Replies from: jsteinhardt↑ comment by jsteinhardt · 20121101T05:30:46.950Z · LW(p) · GW(p)
Oops, missed that; but that specification doesn't hold in the situation we care about, since rejecting the null hypotheses typically requires us to consider the result of marginalizing over a space of alternative hypotheses (well, assuming we're being Bayesians, but I know you prefer that anyways =P).
Replies from: Eliezer_Yudkowsky↑ comment by Eliezer Yudkowsky (Eliezer_Yudkowsky) · 20121101T07:05:19.678Z · LW(p) · GW(p)
Well, right, assuming we're Bayesians, but when we're just "rejecting the null hypothesis" we should mostly be concerned about likelihood from the null hypothesis which has no moving parts, which is why I used the log approximation I did. But at this point we're mixing frequentism and Bayes to the point where I shan't defend the point further  it's certainly true that once a Bayesian considers more than exactly two atomic hypotheses, the update on two independent pieces of evidence doesn't go as the square of one update (even though the likelihood ratios still go as the square, etc.).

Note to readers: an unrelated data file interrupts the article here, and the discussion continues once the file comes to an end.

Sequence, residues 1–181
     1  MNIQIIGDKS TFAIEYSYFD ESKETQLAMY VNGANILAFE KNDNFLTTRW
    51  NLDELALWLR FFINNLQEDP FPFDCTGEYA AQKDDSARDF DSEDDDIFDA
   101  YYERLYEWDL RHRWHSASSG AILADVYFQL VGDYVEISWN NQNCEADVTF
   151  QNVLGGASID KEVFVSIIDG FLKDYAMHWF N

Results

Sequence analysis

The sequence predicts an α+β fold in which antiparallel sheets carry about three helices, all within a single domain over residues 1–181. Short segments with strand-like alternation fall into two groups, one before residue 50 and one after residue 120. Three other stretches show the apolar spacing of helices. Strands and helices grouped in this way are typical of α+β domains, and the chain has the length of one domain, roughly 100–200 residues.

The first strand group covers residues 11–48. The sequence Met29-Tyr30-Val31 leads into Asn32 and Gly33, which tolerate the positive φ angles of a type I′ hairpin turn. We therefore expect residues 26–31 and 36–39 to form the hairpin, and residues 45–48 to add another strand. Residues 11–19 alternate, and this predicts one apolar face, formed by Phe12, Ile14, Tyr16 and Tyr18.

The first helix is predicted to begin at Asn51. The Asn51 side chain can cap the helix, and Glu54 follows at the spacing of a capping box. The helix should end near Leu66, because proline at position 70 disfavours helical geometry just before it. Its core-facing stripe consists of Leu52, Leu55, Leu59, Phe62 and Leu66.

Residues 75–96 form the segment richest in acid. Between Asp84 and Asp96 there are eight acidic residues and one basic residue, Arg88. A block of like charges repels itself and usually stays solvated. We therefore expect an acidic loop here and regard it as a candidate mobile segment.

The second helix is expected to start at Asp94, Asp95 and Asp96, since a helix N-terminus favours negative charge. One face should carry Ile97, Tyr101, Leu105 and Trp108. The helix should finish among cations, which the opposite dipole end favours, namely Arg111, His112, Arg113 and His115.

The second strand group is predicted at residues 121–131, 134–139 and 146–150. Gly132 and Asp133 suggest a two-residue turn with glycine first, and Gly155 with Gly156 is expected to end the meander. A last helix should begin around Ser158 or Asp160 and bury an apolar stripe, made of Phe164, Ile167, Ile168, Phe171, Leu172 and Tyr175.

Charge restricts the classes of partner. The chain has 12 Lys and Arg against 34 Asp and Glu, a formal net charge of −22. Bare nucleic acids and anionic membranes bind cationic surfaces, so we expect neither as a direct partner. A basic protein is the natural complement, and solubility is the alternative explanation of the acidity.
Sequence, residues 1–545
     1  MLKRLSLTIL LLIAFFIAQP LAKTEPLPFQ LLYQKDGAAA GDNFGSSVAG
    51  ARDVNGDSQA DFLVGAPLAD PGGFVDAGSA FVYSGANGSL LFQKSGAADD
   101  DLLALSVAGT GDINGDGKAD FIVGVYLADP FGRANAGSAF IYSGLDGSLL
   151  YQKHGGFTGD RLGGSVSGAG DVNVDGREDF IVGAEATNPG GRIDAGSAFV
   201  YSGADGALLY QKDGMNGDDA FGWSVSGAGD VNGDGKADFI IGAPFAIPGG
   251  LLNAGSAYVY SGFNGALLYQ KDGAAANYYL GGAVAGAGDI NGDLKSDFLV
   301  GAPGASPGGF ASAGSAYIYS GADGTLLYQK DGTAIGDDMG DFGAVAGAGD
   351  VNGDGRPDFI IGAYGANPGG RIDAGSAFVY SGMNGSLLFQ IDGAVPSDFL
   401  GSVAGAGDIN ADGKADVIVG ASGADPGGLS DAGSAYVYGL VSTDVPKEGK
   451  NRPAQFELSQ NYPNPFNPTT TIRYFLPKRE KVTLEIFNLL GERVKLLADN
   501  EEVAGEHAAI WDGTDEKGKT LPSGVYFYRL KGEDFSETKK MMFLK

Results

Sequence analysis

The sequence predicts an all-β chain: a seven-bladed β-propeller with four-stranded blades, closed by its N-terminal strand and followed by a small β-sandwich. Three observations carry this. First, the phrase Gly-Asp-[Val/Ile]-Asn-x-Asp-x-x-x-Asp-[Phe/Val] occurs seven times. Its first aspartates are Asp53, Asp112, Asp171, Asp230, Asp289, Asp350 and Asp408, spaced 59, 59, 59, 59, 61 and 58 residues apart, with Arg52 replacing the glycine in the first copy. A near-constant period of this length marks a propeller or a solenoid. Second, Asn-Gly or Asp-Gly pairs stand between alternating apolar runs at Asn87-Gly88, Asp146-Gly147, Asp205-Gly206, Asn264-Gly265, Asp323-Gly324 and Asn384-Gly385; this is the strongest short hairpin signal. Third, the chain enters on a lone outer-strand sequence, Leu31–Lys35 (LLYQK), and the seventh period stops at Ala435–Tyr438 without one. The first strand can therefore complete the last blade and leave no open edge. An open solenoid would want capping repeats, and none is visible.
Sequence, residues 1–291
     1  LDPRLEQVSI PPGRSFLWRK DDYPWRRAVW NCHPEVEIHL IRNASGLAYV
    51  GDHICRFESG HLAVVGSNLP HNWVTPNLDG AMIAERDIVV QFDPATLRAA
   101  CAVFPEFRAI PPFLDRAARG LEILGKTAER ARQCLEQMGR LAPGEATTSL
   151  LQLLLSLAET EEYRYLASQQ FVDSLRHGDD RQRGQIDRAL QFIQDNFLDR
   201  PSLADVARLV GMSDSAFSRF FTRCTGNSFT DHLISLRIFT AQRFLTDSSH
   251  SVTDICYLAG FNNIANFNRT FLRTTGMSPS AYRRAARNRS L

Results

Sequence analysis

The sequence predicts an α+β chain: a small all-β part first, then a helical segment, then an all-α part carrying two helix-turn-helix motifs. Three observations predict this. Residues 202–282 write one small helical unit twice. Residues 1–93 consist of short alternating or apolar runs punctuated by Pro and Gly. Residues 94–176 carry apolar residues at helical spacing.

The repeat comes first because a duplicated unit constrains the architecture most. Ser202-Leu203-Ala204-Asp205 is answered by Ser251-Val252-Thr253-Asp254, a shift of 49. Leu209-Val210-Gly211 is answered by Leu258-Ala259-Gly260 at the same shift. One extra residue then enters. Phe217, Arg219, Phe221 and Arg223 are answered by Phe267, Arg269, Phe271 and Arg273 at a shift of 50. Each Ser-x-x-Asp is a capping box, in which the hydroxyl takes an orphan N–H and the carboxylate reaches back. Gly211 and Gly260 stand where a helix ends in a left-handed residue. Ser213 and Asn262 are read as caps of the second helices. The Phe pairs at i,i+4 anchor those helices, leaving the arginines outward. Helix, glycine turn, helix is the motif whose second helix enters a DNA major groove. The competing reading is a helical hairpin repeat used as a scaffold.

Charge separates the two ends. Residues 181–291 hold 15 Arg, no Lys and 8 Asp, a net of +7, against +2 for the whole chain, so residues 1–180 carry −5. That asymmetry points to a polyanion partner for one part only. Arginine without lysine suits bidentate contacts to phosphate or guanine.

↑ comment by Mark_Eichenlaub · 20121031T12:42:26.949Z · LW(p) · GW(p)
You're right. That would be true if we did n independent tests, not one test with ntimes the subjects.
e.g. probability of 60 or more heads in 100 tosses = .028
probability of 120 or more heads in 200 tosses = .0028
but .028^2 = .00081
Replies from: Eliezer_Yudkowsky↑ comment by Eliezer Yudkowsky (Eliezer_Yudkowsky) · 20121031T14:47:21.504Z · LW(p) · GW(p)
Amazing, innit? Meanwhile in the land of the sane people, the likelihood function from any given propensity to come up heads, to the observed data, is exactly squared for 120 in 200 vs. 60 in 100.
↑ comment by Daniel_Burfoot · 20121030T16:14:32.253Z · LW(p) · GW(p)
It should only take <2.5 times as many subjects to detect a real effect at p < .001 instead of p < .05 and the proportion of false findings would go way down immediately.
But then people could only publish 1/50 as many papers!
Replies from: DaFranker↑ comment by DaFranker · 20121030T17:13:15.489Z · LW(p) · GW(p)